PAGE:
None of the artists painted the mountains like my father. His Himalayas radiate the incomparable wealth of …untold greatness and high ideas, which are the symbol of the word “the Himalayas’. He really deserves the title of The Master of the Mountains’,” Svetoslav Roerich had said of his father Nicholas Roerich. While Svetoslav was a painter of great talent himself, it is his father Nicholas, the Russian painter-philosopher, who can unequivocally be called The Master of the Mountains. In ways that may be difficult to imagine for most of us today.
For it is in the mountains that he appears to have found what he sought — peace, beauty, light, transcendence. Though highly regarded as an esoteric thinker-artist of his time, Nicholas Roerich remains an enigma nearly seven decades after his passing. It’s almost as if he had been personifying the Latin maxim occultus sed invaderet — hidden in plain sight.
Born Nicholas Konstantinovich Roerich in St Petersburg, Russia, on 9 October, 1874, he was raised in the comfortable environment of an upper middle class Russian family with its advantages of contact with the writers, artists and scientists who often visited the Roerichs. Tracing his ancestry to Riga (present-day Latvia), Roerich looked back upon his Balto-Slavic roots with great affection.“Latvia has always been close (to me) because of its folk legends, and my ancestry,” he had said.
Hinting at the Scandinavian origins of Roerich, the Russian modernist writer Aleksey Remizov wrote: “From the Varangian Sea, after so many centuries once more arrived in Russia, at this time no more as Rurik, how he was dignified in Novgorod, but (as) Roerich. And as once he builds his stone city. Remembered like a dream and told about seas where he navigated with his squadron of soldiers, about giants, about a snake, about the rigorous angel and about how Russia was built…”
At a time when Russia was being slowly pulled apart, Roerich found himself gravitating towards the East. It was when the Bolsheviks had scored a victory in the Russian Civil War (1918-1921). Just after the February Revolution of 1917, Roerich tried to take an active part in politics of art — by demanding protection of art from vandalism and desecration in Moscow and St Petersburg. But within months, he was disillusioned with the goals of the Communists. Roerich’s antipathy to Soviet-style Communism was based on his fears that the Marxist-Leninist doctrine would thoroughly destroy and distort Russian traditions. This, sadly, proved prophetic.
In December 1923, the Roerich family (wife Helena and sons George and Svetoslav) reached India and set off on their landmark Central Asian expedition from Darjeeling, present-day West Bengal. This journey of exploration would take them into Chinese Turkestan, Altai, Mongolia and Tibet. It was an expedition into uncharted regions to study the religions, languages, customs, and culture of the inhabitants.
A New York Times (NYT) report on the expedition, in its Mid-Week Pictorial, dated 4 February 1926, read, “For the first time in history, an explorer into the terrible passes of Central Asia has had as his weapons an easel and brush instead of the implements of a hunter or scientist. Professor Roerich, the world-renowned artist, who is now on an art expedition into Central Asia, has just crossed the passes of Karakorum, Sasser and Kardong (Khardung La), perhaps the most formidable passes in the world.”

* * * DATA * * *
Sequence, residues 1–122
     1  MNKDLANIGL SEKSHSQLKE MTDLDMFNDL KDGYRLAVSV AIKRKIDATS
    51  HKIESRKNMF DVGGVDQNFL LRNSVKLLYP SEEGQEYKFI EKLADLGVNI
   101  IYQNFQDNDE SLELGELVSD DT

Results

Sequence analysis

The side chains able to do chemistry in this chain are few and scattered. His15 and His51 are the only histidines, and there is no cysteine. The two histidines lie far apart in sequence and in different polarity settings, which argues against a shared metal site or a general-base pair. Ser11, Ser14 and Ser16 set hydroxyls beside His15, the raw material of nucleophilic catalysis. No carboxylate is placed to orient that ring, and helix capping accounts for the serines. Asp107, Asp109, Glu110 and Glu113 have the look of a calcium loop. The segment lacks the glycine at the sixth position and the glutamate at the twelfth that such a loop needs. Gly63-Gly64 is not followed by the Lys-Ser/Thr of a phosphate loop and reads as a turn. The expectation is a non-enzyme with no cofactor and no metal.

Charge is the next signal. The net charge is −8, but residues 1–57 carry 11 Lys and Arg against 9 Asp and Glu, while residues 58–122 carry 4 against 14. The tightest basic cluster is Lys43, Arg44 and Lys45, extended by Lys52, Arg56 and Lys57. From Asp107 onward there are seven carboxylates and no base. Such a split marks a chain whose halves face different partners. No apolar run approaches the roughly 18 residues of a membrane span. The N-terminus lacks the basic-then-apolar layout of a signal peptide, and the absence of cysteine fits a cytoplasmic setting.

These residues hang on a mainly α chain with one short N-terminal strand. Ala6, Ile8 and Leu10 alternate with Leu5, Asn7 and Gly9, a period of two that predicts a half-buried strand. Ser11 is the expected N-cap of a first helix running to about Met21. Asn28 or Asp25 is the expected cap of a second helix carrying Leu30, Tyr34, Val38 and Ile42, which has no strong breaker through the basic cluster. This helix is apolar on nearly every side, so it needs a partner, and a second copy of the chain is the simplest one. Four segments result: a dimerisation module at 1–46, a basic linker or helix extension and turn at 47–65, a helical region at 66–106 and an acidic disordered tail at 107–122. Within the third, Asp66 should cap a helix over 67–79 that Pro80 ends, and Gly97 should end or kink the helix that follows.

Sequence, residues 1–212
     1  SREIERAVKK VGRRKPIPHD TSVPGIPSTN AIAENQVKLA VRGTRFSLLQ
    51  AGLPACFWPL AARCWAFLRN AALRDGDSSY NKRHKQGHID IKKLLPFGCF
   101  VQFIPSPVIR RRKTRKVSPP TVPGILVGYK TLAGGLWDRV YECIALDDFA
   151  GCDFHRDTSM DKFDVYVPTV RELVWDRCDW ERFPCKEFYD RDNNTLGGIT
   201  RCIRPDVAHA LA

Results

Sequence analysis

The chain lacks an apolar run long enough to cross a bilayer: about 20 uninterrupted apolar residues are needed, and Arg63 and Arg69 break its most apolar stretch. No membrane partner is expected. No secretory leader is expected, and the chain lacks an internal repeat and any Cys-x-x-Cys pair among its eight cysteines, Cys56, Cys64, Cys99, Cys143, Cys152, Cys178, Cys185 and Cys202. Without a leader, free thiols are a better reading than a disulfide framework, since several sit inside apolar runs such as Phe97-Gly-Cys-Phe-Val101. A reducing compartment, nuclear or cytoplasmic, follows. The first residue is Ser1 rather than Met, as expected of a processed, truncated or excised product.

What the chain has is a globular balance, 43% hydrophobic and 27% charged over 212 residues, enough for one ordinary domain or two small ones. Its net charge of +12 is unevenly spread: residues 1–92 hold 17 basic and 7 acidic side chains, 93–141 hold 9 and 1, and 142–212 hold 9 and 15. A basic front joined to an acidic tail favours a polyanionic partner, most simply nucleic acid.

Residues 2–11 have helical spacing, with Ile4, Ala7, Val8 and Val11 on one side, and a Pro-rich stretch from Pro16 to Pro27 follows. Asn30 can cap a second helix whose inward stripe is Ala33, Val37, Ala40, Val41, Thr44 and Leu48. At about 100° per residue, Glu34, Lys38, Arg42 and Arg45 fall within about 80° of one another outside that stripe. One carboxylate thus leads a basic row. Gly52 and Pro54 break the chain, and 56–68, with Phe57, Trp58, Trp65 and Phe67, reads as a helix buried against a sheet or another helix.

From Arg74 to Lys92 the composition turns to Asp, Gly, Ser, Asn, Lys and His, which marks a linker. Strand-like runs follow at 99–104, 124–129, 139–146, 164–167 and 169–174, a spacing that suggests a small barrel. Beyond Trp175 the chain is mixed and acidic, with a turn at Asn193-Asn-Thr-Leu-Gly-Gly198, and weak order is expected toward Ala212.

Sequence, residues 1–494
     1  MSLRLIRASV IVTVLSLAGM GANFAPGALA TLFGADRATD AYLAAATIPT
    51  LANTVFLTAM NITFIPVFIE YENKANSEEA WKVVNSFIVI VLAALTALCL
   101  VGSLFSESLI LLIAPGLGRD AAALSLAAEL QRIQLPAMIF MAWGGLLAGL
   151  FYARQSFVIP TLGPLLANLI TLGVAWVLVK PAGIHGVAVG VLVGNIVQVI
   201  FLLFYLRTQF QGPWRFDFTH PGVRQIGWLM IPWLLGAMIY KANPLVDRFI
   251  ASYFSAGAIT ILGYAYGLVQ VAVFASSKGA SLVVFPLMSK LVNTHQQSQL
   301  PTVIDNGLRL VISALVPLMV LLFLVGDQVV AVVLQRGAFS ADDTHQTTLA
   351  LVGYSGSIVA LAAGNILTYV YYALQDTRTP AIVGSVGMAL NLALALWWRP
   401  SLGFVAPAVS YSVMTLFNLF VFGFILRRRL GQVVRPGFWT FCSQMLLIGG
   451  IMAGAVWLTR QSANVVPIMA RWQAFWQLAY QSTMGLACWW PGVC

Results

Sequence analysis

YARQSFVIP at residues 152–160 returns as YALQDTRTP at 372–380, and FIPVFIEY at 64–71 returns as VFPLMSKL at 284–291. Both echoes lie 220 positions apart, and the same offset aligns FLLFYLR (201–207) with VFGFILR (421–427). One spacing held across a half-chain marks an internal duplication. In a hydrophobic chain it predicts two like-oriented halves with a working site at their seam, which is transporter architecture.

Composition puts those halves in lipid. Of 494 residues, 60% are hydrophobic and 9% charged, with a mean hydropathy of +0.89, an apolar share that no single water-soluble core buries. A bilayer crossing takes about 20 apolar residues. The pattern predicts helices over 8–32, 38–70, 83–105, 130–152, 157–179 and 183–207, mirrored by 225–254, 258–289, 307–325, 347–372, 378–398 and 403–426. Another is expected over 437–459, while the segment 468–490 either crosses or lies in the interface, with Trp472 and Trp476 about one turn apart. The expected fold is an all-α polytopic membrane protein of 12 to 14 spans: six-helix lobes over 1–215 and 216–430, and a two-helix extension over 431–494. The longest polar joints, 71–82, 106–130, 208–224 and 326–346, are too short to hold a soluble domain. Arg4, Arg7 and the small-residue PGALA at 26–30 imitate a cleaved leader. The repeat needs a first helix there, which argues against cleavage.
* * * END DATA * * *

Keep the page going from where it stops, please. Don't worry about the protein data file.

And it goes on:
Impressively, Roerich had ventured into the frozen barrenness of the Himalayas at a time when even its most formidable denizens prefer to hibernate. The NYT article aptly described the difficulties of terrain and weather that would have been unsurmountable for most others. “Anxiety has been felt over the expedition in view of the fact that these passes are the most difficult in the world, each being higher than Mont Blanc, and beecause the weather this season has been unprecedentedly severe. The present route of the caravan is considered the most unfamiliar in the world. The three passes are each more than 18,000 feet in height. Although Karakorum is the highest, being 18,209 feet, the Sasser Pass is the more difficult, due to the glaciers which are full of deep crevasses so dangerous to traverse. Owing to lack of supply bases, also, the caravan has been compelled to take food and forage for a year,” the NYT reported.
The expedition led by the master-painter was one of the largest assembled at the time, consisting of about 100 pack horses and riding mounts, 16 mules, 16 yaks and including mountain rams. There was also a staff of about 60 ‘natives’, consisting of Tibetans, Kirghiz, Ladakhis and others.
WHICH BEGS the question: What was Nicholas Roerich (accompanied by close friends and family) exploring or looking for, in the dead of winter, in the highest, most treacherous mountains of the world, for almost five long years, from 1923 to 1928?
The website of the New York-based Nicholas Roerich Museum might have a clue. Elaborating on the perils of the expedition, the website mentions, “Roerich tells us that 35 mountain passes from 14,000 feet to 21,000 feet in elevation were crossed. But these were challenges he felt born for, believing that the rigour of the mountains helped a man to find courage and develop strength of spirit. Roerich’s Banners of the East series of 19 paintings depicting the world’s religious teachers… was a testimonial to the unity of religious striving and the common roots of man’s faith… Eastern religious figures and concepts appear in the paintings, important among these being the images of the Lord Maitreya — the Buddhist Messiah, the Kalki-Avatar of the Puranas, Rigden Jyepo of Mongolia or the White Burkhan of Altai — all of whom are described in legends that link them with the Ruler of Shambhala, who is ‘destined to appear on earth for the final destruction of the wicked, the renovation of creation and the restoration of purity.”